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Yasha@–鍳
KEY WORD :@art history / iconography
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Also Yakusha –ò³ ( Sk: Yaksa), a class of semidivine being usually considered to be of a benevolent and inoffensive disposition but sometimes also classed with malignant spirits such as the *rasetsu —…™‹. The female counterparts are called Yashanyo –鍳— (Sk: Yaksi, Yaksini) and were regarded in particular as tree nymphs or symbols of fertility.
Yasha were adopted into Buddhism at an early stage, and many finely executed stone reliefs and statues are to be found at Sanchi, Mathura and elsewhere in India. Eventually they came to be included among the eight classes of being that protect Buddhism *hachibushuu ”ª•”O. They also act as attendants of *Bishamonten ”ù¹–å“V, who is said to have under his command geight Yasha generals hYasha hachidaishou –鍳”ª‘叫. The Twelve Divine Generals *juuni shinshou \“ñ_« who protect devotees of *Yakushi –òŽt and the Sixteen Good Gods juuroku zenjin \˜Z‘P_ who protect the DAIHANNYAKYOU ‘å”ÊŽáŒo (Great Wisdom Sutra) also belong to the category of Yasha, while Kongoushu ‹à„Žè is often described as a Yasha general, and the goddess *Kariteimo æd—œ’é•ê is said to have been a Yashanyo who was converted to Buddhism. In China and Japan it has been their role as tutelary spirits that has received the greatest emphasis, and therefore they are generally represented clad in armour. They have come to be popularly regarded as demons of fearsome appearance who harm and even devour humans.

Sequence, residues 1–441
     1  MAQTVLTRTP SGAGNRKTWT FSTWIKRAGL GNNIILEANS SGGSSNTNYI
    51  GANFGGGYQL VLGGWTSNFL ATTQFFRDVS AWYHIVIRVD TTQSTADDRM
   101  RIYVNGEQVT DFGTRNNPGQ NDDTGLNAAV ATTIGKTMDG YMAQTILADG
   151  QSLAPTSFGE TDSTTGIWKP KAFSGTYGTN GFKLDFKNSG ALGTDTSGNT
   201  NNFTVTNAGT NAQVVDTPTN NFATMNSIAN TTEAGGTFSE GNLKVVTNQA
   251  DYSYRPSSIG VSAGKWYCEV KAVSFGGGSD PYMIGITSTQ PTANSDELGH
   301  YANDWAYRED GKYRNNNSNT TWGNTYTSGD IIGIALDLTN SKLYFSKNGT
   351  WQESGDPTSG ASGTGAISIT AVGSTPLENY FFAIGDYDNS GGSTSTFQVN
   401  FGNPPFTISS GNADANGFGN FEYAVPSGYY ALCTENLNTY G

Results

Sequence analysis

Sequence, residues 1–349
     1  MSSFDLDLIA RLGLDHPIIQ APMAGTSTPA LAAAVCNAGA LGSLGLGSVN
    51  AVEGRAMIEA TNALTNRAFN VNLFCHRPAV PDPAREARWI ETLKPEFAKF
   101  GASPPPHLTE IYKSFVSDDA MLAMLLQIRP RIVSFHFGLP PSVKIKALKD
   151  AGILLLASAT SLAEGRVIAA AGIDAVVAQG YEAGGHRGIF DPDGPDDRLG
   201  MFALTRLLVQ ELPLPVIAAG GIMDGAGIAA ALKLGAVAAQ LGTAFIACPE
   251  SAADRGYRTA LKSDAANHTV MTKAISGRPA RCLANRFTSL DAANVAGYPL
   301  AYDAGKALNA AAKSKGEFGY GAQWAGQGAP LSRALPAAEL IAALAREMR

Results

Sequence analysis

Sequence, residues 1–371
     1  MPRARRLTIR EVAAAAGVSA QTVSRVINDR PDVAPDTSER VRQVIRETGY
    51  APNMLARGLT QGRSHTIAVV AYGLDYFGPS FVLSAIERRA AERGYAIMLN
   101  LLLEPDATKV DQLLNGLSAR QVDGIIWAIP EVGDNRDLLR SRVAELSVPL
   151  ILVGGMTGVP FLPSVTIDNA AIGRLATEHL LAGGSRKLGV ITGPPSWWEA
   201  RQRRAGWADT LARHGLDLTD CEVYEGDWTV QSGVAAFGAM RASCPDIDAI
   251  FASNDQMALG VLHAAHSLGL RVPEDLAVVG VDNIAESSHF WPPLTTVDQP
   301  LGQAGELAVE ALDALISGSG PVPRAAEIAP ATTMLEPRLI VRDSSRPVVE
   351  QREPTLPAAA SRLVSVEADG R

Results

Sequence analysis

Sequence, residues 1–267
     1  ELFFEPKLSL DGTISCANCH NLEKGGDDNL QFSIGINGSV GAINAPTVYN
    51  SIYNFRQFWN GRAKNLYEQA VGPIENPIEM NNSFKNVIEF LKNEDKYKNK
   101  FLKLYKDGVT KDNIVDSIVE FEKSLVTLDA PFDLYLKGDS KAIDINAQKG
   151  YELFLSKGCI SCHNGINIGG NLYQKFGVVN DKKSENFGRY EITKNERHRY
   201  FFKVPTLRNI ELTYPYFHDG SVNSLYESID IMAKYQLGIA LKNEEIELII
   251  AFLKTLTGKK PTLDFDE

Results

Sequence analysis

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NOTES
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(C)2001 Japanese Architecture and Art Net Users System.@No reproduction or republication without written permission.
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